Wood Business

Features Harvesting New Gear
John Deere-Hitachi Specialty Products celebrates 5,000th swing machine

February 1, 2019  By  Ellen Cools

DHSP employees, along with representatives from Bighorn Logging Corp. and Papé Machinery Construction and Forestry, celebrate the production of DHSP's 5,000th swing machine. Photo: Annex Business Media

Twenty years ago, the John Deere-Hitachi Specialty Products (DHSP) factory in Langley, B.C., opened its doors and began producing purpose-built forestry swing machines.

On Jan. 31, 2019, the factory celebrated the production of its 5,000th swing machine. To commemorate this landmark, the company presented the new owners of this machine, Bighorn Logging Corp., with a gold key. CFI was there to celebrate with DHSP and join Bighorn Logging on a tour of the factory.

Quality and reliability

Based in Banks, Ore., Bighorn Logging has been using John Deere forestry machines since 2012.

In a Q&A in front of the factory’s 120 employees, Bighorn’s president Harve Dethlefs and vice-president Mark Standley shared their thoughts on the state of the industry and how important quality machinery is to their operations.


“John Deere has been a big part of our success,” Dethlefs said. “In 2012, up until that point, we were experimenting with almost all of the excavators and log loaders and processors that were on the market. But then we switched over to the John Deere side, and it’s been great for us.”

Bighorn has 27 machines in its fleet, 16 of which are John Deere. Machine quality is a key factor in choosing their equipment.

“If they’re not running, downtime kills us,” Dethlefs explained. “We’re production oriented; if the machine doesn’t function on any given day, we’ve lost a day of production. The demand from the mills that we contract to, they’ve got levels of production that they expect. And for us to meet those production levels, we need a good reliable machine.”

And John Deere, Dethlefs said, provides that reliability.

Staying up-to-date with machinery doesn’t just help with production. For Bighorn, it’s one of the ways they’re tackling the industry-wide problem of attracting new employees.

“It’s hard to get new people into our industry, younger people into our industry, but a lot of these guys are interested in some of the new technology,” Standley explained.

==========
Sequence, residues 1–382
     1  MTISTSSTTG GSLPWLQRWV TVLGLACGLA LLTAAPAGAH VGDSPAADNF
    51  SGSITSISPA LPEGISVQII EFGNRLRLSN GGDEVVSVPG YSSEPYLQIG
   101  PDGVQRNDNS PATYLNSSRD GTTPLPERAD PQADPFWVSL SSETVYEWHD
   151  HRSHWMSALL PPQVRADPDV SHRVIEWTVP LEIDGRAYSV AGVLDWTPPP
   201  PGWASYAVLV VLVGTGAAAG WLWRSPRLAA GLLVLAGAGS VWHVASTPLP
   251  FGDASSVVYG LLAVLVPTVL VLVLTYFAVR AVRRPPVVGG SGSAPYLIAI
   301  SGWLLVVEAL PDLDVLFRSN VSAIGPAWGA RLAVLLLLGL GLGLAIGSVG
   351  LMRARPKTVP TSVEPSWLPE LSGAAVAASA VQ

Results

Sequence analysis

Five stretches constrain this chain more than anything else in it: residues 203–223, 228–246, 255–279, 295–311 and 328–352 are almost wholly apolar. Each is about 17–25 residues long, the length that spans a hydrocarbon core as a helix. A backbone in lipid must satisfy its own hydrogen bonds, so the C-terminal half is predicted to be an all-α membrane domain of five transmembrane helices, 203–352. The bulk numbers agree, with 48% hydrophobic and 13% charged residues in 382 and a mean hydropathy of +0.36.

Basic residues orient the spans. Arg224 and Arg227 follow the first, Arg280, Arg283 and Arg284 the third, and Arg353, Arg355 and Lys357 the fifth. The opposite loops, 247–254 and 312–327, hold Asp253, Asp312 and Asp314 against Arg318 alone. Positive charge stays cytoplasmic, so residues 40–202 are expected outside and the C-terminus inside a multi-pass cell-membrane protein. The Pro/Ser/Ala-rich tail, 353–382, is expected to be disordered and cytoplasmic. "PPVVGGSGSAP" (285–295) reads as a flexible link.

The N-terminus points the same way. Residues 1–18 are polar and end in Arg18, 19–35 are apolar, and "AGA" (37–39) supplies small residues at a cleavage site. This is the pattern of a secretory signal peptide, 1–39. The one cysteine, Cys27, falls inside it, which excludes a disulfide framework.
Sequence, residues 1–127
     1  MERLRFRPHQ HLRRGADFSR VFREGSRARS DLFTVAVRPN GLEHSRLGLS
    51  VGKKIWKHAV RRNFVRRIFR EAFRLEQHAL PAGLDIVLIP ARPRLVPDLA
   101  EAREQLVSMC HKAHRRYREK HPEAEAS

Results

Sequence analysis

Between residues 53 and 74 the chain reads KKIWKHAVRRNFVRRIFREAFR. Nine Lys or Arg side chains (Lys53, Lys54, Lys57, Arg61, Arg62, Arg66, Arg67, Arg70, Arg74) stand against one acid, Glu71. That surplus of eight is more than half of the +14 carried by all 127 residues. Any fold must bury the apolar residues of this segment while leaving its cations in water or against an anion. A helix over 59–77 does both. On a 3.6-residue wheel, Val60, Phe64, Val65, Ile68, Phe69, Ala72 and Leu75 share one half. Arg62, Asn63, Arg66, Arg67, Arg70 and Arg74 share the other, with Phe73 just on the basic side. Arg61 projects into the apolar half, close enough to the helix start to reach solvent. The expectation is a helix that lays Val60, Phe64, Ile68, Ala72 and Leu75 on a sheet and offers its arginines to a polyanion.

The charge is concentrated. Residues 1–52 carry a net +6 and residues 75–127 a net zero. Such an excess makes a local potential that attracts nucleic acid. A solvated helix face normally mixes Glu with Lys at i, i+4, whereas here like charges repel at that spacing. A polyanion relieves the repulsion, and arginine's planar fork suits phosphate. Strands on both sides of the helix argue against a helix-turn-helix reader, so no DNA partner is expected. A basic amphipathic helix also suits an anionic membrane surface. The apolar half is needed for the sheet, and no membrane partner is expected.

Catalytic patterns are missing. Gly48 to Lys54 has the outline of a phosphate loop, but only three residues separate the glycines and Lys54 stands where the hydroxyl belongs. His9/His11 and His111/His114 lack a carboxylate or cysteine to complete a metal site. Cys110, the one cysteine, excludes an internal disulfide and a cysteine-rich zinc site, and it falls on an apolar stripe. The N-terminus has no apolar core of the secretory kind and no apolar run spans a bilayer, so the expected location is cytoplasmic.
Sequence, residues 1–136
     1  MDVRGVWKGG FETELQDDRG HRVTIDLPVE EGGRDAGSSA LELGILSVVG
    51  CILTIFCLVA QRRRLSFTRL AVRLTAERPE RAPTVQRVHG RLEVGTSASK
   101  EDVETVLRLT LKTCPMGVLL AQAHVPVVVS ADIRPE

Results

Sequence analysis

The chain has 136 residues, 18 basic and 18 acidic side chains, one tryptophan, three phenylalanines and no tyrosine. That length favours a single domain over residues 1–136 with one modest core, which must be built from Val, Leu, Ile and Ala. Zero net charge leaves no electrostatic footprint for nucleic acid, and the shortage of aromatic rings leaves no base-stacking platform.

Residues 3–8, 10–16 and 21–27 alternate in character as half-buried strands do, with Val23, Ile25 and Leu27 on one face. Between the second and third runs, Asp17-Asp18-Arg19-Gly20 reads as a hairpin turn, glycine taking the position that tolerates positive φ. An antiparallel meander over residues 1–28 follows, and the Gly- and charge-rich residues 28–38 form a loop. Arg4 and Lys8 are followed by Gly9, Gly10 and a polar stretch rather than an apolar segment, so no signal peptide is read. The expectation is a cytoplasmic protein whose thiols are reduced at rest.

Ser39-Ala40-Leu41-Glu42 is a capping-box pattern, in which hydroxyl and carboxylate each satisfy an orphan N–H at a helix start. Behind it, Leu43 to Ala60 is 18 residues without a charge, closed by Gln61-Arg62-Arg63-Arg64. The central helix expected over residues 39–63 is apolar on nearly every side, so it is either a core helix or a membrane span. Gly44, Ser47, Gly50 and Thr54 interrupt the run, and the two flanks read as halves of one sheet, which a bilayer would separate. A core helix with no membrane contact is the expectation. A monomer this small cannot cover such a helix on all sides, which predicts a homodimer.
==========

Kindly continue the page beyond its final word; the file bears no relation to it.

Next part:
For Standley, one of the coolest features with John Deere machinery is JDLink, which allows him to monitor fuel consumption, track idling time and hours worked. This, in turn, helps the company save money.

“It’s something that a lot of people do not realize, when you look at the dollars per gallon on diesel, what goes out of the exhaust when no production is being done,” he elaborated. “There’s a lot of money in that little bit of technology that you can show people. It’s amazing what numbers do to people when you show them what it costs and how it affects the bottom line.”

DHSP’s newer forestry machines have also put a new focus on operator comfort.

At Bighorn, “the operators like the cab, the comfort of it, the visibility,” Standley shared. “We’ve got 80 employees and very rarely do I hear complaints about operating the machine and the comfort of it.”

A big milestone

For DHSP, quality and design are some of their core values.

When John Deere and Hitachi Construction Machinery first formed a joint venture in 1998, they recognized that converting excavators was not the best way to perform logging operations, explained Mark Wilkinson, program manager and product specialist at DHSP.

“At that time, it made a dramatic improvement in terms of the quality the customer was getting and the productivity the customer was getting,” Wilkinson told CFI. “As time has gone on, over the past 20 years of our business, through a lot of input from customers, we’ve evolved the product into a very specific, purpose-built machine for the applications they’re in.”

In particular, the swing machines have evolved in a number of ways, including improvements in vehicle control, horse power, swing torque and fuel economy, said Wilkinson.

The production of their 5,000th swing machine is an exciting moment for DHSP, particularly because it’s produced in B.C.

“The heart of the forestry swing machine is in the Pacific Northwest of the United States and western Canada,” Wilkinson explained. “So, it’s pretty exciting to have been here for 20 years in the B.C. economy, supporting both Canada and the Pacific Northwest, and to build 5,000 machines is a pretty big milestone in this industry.”

Looking forward to the next 5,000 swing machines, DHSP will “continue to build highly productive, high quality and safe to operate machines that provide value to our customer.”

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